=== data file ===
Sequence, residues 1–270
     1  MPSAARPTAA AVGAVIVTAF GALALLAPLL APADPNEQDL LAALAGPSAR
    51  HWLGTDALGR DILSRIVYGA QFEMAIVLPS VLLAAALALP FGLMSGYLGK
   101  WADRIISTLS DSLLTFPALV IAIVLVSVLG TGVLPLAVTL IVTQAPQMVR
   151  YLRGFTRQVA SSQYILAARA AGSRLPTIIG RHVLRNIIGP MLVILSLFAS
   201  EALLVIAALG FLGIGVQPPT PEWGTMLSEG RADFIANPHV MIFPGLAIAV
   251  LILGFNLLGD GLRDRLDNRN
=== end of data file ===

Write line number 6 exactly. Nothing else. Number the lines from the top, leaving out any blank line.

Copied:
   201  EALLVIAALG FLGIGVQPPT PEWGTMLSEG RADFIANPHV MIFPGLAIAV